The first typewriter blog entry was at my old URL, but here’s a second one. I realized I forgot to reference the fact that there were also letters from my grandfather to my grandmother in another set, that I hope to also share with the world, but below I mentioned my grandfather out of the blue, which may be confusing because I had been talking about my great grandfather. Whose letters you can read at my blog, First Person History.

Anyway. Here you go. Oh, and links to my books: Geek Mom, The Isle of Kern.


How I Prepare for Change

By Flickr user Phil Whitehouse (CC BY 2.0)

By Flickr user Phil Whitehouse (CC BY 2.0)

I don’t deal well with change much of the time. Not the big stuff, anyway. It helps quite a bit if I have some transition time to get used to the idea, though. If I’m ready for the change when it happens, it goes really smoothly. If it’s abrupt, if I didn’t see it coming, or if I can’t prepare for it, there is a difficult adjustment period afterward.

But when I do have the luxury of time to get ready for and used to a change, here are some things that help me.

  1. Start disassociating with the current thing. Begin the mourning process for the loss of the thing before it is over/gone/lost, and focus on its disadvantages. Start thinking that it’s no longer “mine”.
  2. Start mentally trying on the new thing for size. Get used to it being what my new normal is, before it happens. Look at its advantages and begin to get excited for them.
  3. Be prepared for the change. Do what needs to be done to be ready for it. Prioritize these new things, and rejoice in no longer dealing with the problems with the old.

This kind of thing works for moving, adjusting a schedule, losing a tradition, changing jobs, no longer having to deal with an item, etc. I don’t recommend trying it if you lose a loved one.

There are plenty of books out there that can help you handle change. Depending on your level of change, you may want to find one.

Being Female, But Outside the Inner Circle

(CC BY 2.0) Flickr user hangmy nguyen

(CC BY 2.0) Flickr user hangmy nguyen

“Moms’ night out.” “Girls’ night out.” “Nail wraps.” “A day at the spa.” “Out with my besties.” “Mani pedi!” All of these phrases and activities leave me cold.

I can’t be the only female who feels this way. Bear in mind that I’m very much a cis female, heterosexual, in a committed relationship with a man. And yet I don’t feel a camaraderie with women. I am much more comfortable hanging out with men. Except when I’m not. Sure, occasionally a woman will say something about women and I’m like, “Hell yeah. You nailed it on the head.” But most of the time I’m left confused. I feel like there is a club that I qualify for but wasn’t issued a membership card. I just sit on the sidelines, watching. Not wishing to be invited, but also not knowing where else to go.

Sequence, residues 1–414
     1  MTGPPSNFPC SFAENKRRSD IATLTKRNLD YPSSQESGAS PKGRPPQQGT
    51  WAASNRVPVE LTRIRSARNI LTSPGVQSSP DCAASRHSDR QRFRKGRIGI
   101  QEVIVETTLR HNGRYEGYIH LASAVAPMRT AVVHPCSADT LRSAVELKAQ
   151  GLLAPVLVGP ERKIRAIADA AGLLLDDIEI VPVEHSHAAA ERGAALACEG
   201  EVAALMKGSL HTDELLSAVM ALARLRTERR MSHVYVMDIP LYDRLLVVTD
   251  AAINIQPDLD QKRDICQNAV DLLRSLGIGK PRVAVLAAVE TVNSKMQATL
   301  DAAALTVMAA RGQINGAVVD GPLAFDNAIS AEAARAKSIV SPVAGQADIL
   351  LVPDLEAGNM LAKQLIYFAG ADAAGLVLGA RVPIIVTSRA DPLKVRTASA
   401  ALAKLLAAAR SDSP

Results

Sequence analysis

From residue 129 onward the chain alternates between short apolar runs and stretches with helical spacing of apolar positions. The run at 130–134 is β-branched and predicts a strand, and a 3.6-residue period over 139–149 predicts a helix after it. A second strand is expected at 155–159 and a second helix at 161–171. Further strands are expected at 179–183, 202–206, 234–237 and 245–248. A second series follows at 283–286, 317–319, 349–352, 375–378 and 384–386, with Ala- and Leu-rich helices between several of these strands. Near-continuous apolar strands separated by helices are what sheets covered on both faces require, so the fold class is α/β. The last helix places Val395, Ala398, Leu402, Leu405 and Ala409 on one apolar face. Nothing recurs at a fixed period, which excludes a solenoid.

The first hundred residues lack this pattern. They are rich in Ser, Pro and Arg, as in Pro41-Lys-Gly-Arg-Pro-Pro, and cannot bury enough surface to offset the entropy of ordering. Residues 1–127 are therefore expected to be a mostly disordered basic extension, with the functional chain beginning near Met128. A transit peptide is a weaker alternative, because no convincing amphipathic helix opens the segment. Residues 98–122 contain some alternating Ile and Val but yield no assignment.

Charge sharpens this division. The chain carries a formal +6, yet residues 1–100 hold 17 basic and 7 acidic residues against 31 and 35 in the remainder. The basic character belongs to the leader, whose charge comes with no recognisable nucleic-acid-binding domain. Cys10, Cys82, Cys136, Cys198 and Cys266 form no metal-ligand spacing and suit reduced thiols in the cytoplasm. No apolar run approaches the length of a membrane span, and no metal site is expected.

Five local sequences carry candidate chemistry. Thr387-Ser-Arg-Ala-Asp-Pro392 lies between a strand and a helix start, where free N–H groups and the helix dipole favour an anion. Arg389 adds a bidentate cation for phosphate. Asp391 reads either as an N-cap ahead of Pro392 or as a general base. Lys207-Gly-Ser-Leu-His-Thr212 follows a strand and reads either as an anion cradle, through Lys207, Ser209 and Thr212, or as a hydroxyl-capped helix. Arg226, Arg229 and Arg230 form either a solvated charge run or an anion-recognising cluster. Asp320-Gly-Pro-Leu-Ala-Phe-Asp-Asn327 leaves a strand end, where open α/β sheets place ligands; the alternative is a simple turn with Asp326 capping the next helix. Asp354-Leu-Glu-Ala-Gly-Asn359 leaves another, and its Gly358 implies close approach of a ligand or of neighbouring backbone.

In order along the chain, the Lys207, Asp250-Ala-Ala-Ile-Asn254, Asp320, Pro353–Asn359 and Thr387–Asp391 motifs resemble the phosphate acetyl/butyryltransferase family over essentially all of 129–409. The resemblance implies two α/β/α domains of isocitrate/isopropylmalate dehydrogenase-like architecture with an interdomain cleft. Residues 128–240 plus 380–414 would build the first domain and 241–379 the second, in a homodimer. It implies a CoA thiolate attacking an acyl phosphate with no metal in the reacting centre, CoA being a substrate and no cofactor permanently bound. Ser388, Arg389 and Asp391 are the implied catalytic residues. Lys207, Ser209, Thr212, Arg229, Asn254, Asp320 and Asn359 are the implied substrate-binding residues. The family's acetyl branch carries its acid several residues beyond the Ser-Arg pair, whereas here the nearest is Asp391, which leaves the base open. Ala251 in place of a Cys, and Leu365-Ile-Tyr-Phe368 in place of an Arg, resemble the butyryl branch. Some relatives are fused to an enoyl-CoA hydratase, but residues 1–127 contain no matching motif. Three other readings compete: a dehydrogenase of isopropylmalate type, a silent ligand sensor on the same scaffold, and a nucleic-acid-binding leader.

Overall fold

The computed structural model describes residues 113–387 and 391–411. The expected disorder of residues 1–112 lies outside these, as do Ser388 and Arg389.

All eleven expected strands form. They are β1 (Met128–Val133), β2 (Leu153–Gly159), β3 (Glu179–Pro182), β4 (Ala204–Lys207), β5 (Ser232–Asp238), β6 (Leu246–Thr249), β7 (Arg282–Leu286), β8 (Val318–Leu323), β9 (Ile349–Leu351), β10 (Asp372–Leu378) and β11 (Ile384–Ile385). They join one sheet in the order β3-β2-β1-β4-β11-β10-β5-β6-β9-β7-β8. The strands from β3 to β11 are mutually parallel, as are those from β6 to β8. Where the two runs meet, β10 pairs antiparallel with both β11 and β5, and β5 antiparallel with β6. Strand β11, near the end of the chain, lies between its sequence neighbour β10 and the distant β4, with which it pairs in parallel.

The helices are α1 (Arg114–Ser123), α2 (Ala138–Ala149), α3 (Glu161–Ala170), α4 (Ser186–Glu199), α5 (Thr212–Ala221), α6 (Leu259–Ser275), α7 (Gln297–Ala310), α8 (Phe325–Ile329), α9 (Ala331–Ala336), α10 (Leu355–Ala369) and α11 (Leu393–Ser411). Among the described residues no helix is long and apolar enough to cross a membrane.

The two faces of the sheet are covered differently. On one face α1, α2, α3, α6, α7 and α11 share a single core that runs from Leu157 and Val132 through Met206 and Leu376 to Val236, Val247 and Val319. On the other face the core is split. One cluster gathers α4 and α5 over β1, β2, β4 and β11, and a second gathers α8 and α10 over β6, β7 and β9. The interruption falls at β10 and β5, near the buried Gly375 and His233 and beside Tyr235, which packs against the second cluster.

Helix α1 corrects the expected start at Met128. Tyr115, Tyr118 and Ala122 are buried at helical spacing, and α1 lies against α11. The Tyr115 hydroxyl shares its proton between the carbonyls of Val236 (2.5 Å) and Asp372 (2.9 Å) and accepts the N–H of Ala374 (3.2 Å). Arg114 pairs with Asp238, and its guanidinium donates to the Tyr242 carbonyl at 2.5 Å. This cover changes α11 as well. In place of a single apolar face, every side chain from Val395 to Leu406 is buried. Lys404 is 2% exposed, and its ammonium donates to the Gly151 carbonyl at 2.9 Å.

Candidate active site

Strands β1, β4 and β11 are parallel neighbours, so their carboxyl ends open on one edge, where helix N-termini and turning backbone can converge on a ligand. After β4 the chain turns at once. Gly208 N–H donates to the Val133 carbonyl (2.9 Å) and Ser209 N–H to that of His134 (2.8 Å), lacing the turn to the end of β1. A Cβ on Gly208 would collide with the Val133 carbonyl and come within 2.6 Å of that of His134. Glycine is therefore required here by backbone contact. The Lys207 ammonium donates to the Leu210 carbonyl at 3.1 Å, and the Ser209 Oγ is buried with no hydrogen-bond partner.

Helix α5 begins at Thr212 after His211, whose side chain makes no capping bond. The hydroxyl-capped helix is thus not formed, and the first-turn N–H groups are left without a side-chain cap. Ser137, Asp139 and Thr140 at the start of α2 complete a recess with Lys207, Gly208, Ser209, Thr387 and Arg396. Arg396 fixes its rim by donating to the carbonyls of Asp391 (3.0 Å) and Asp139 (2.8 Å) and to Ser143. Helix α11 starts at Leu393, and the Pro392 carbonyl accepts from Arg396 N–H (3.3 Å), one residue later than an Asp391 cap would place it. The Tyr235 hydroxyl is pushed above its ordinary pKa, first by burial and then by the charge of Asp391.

I was never one of those girls (or even young women) who planned and envisioned their wedding day before it was a possibility. Though I do like to occasionally dress up, in skirts and everything, most days I much prefer to be wearing comfortable clothes and sensible shoes.

I’ve always been this way. I preferred Legos to Barbies, computers to makeup. I wasn’t a tomboy, so growing up I didn’t ever quite fit in with boys either. I’m something in the middle, I guess. I haven’t ever found a gender-based group of people where I fit in. Generally, that’s okay. It’s not necessary. But sometimes you feel the lack.

Still, I know that there’s nothing wrong with me. People come in all kinds, shapes, colors, preferences, and interests. And if you’re like this too, there’s nothing wrong with you either.

New Project! First Person History

Photo: Jenny Bristol

Photo: Jenny Bristol

I’ve begun a new project called First Person History. I’m extremely excited about this one, because it’s all about history. Duh. But I’m seeding its beginnings with copious letters written by my family members. From 70 years ago and longer. My great grandfather to start, and my grandfather after that. These are people that I didn’t know in person (or didn’t know well, in the case of my grandfather—he died when I was 11), and am getting to know in a very intimate way through their letters.

FPH icon colorAll of the letters are written to my grandmother, who kept everything. Everything from important photos and memorabilia to junk mail and expired groceries. She was a dear woman, but she was a bit quirky, to say the least.

Anyway, check out my new project and stay tuned. Regular posts there commencing soon!